Aug 10,1988: BRYAN FERRY @ Radio City (Jon Pareles NYT)

Love is all-consuming in Bryan Ferry’s songs; it’s a raw need like drug addiction, a spiritual sacrament, a paradise and an eerie limbo. His concert Tuesday at Radio City Music Hall, starting a three-night stand, opened with a swirl and chatter of percussion and the sight of a censer wafting the smoke of frankincense – invoking a ritual – as Mr. Ferry emerged to play his self-created role as idealized romantic crooner. Dressed in a formal suit and black necktie and performing with stylized, slow-motion gestures, he sang with a closed-in tone and a slight bleating quality, without the warmth of ordinary pop delivery, but sounding all the more vulnerable to the pains of love.

Mr. Ferry’s set roamed from his recent solo albums to the songs he wrote for Roxy Music in the 1970’s, and it suggested that he has taken his own romantic messages to heart. His early Roxy Music songs, such as ”In Every Dream Home a Heartache” and ”Casanova,” were clever and angular, with lopsided melodies and lyrics that implicated the outside world in his lovers’ deceptions and tribulations. Through the years he has rounded off those edges; his recent songs use rolling, swirling funk, often with a Caribbean undercurrent in which his words can be, like his characters, swept away by a beat or a feeling. The lyrics of his current album, ”Bete Noire,” are almost all cliches bobbing to the surface of the music and then drifting away. The effect is atmospheric rather than literary, enraptured rather than analytical.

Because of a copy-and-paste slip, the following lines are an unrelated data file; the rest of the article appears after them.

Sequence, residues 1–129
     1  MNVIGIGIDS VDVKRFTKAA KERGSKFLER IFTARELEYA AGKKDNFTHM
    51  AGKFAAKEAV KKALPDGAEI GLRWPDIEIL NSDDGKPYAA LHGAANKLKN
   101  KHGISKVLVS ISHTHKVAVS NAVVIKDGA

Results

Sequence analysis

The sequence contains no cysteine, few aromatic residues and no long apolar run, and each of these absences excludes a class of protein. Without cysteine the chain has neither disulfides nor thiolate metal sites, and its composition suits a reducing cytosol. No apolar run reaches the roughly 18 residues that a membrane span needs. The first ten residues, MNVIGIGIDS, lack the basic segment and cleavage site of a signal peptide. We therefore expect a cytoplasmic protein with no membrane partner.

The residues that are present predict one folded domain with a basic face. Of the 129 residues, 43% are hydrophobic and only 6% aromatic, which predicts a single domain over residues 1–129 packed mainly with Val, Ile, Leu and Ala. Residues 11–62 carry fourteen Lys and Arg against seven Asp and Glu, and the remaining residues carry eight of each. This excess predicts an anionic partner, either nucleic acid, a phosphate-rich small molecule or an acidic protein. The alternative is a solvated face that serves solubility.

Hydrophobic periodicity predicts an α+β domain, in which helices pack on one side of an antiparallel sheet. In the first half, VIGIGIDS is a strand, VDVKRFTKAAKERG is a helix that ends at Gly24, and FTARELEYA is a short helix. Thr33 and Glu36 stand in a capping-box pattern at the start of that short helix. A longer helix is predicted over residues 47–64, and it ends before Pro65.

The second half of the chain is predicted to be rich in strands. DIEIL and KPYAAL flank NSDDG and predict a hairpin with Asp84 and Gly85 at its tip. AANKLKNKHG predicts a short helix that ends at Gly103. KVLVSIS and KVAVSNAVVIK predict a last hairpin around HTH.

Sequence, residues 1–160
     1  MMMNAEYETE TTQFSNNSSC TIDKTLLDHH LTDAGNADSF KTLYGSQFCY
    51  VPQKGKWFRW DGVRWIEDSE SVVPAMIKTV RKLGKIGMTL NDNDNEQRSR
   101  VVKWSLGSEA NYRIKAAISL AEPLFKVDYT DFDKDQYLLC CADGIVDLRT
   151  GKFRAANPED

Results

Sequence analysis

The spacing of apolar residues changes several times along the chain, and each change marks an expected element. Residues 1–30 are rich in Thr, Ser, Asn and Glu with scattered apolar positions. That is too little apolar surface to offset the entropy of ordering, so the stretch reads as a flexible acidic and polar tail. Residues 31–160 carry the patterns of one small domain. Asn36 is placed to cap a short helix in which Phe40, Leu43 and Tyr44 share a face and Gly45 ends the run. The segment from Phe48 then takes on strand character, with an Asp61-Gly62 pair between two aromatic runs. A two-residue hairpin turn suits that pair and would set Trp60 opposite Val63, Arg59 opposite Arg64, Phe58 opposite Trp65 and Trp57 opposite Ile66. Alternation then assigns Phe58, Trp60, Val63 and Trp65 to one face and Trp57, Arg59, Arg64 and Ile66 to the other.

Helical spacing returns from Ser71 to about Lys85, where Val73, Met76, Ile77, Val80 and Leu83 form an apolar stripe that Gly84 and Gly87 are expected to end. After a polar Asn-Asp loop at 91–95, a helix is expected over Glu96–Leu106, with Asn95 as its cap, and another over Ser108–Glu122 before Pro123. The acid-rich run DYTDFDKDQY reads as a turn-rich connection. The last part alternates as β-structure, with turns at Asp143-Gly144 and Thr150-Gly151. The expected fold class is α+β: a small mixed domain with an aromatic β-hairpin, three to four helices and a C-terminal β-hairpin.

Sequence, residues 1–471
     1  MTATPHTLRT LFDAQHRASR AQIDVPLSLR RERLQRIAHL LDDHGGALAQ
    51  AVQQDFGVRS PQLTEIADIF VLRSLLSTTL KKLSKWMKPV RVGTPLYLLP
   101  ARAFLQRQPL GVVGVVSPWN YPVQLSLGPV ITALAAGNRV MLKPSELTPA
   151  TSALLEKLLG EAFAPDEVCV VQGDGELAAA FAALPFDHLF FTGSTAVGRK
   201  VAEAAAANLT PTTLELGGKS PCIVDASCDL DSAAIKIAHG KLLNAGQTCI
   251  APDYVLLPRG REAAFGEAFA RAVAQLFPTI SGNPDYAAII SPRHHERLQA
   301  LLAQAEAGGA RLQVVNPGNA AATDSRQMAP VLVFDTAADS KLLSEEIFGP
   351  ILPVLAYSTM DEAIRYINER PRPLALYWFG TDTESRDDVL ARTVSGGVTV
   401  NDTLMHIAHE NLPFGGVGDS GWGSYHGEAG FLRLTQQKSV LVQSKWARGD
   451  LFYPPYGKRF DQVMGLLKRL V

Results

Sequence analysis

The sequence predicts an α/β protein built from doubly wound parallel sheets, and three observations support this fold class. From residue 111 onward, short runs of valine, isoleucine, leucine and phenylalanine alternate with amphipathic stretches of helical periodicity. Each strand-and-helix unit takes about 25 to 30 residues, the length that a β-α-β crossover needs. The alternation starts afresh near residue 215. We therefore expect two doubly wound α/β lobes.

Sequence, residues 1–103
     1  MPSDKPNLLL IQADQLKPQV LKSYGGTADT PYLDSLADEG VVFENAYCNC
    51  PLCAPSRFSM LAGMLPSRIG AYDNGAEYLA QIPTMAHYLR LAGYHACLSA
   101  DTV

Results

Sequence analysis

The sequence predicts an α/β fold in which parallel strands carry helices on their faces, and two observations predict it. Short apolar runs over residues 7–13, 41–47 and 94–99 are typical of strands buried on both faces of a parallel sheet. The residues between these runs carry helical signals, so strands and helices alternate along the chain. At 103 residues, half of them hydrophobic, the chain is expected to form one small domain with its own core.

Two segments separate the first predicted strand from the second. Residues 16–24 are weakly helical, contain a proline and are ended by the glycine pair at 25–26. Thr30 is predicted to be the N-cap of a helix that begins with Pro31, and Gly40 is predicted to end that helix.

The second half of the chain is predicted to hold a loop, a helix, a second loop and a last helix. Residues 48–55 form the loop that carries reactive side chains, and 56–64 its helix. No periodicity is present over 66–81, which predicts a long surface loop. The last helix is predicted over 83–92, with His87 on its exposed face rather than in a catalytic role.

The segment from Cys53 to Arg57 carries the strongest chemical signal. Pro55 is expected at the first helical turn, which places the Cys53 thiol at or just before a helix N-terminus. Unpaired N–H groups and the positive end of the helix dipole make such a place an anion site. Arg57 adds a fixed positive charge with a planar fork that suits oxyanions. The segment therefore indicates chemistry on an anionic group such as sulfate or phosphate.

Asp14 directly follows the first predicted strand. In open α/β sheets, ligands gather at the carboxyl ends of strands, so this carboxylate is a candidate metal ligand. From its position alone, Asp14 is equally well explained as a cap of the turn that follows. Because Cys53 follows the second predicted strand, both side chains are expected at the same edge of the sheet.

The band was geared to Mr. Ferry’s newer songs. It played the Roxy Music songs dutifully, inserting jazz-rock and heavy-metal solo flourishes rather than Roxy’s clattering, anarchic noise. But when it came to the smooth, slightly ominous funk of ”The Main Thing” or the subdued rock of ”Kiss and Tell,” the band enfolded Mr. Ferry’s voice the way romance envelops his characters, shutting out everything but the nuances of passion.